The curriculum is divided into essentially four functional groups.
Students can request to join a group after evaluating their prior training. However acceptance into a group is decided by the Guru, after an audition, taking into account the level of other students in the group as well.
4. Post Arangetram
Beginners typically start at any age. The early stages of training involve learning the basic steps, called ‘adavus’, and movements of the dance. The exercises condition the body for the unique postures of Bharatanatyam. They also develop the student’s sense of rhythm.
Students also learn eye movements, which are done in synchronization with body movements in the dance.
At this stage, students also learn the names of hand gestures called ‘hastas’, which are an important feature of Bharatanatyam. They comprise the descriptive language of the dance.
At this intermediate stage, students learn more advanced steps and complicated patterns of movement. They also learn the names of facial expressions, which are a distinctive feature of Bharatanatyam.
The students begin learning some basic dance compositions. The choreography is simple, and there isn’t much expressive content. Examples of these items are the ‘alarippu; and ‘jatiswaram’. Students also learn about the history of Bharatanatyam, the musical instruments used, and other related topics.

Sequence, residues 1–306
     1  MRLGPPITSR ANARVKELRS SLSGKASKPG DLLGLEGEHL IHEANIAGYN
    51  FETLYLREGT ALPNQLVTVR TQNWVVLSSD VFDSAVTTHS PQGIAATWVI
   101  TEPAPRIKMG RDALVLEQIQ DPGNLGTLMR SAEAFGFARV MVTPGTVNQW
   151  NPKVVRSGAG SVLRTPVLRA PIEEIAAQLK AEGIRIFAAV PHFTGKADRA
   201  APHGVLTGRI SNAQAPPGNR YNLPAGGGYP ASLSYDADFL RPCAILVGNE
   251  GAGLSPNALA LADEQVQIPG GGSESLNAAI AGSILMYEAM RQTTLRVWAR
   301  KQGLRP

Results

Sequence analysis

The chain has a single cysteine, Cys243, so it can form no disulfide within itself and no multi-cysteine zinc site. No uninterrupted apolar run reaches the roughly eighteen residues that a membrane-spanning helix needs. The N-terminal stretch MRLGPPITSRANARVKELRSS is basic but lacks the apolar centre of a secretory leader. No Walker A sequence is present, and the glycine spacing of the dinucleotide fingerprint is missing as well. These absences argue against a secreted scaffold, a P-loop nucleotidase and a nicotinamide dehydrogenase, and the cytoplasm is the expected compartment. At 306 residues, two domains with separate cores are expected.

These students learn the remaining dance compositions that make up the repertoire of a full Bharatanatyam recital. Although they may only learn a single instance of some types of items, the repertoire covers all the features of the dance. It includes rhythmic dance, emotional expression, and variety. The items they practice include the shabdam, varnam, swarajathi, padam, kirtanam, ashtapadi, javali, tillana, and shlokam.
This marks the beginning of the dancer’s career as a performer, and is a milestone in her career. Unfortunately this event is often misunderstood as the graduation event that ends the training of the dancer. The word ‘arangetram’ translates as climbing onto (etram) the stage (arangam).
The ‘arangetram’ is marked by a recital of the new dancer, attended by the teacher, mentors, and family elders, where she receives their blessings for a fruitful dance career.
(Best learned through a full time residential program).
After the ‘arangetram’, the dancer can develop further as a performer learning more compositions, and expanding her repertoire.
By this point, the dancer is charting his or her own course as an artiste. It is still important to continue to grow; all avenues for expression being now open to the dancer – performing, composing, teaching, and perhaps even broadening the scope of the dance.
Learning Dance Theory
Serious students of dance will need to learn extensive dance theory as well. In Kalakshetra for example, in addition to many hours of dance practice, students have daily classes in dance theory. Bharatanatyam is a highly structured and codified art form, derived from the Natya Shastra, an ancient scripture that describes all the aspects of the art. Samyukta’s students will cover all aspects of Bharatanatyam theory, thus turning out to be a well rounded dancer.
Some dance theory books are listed in our suggested reading section.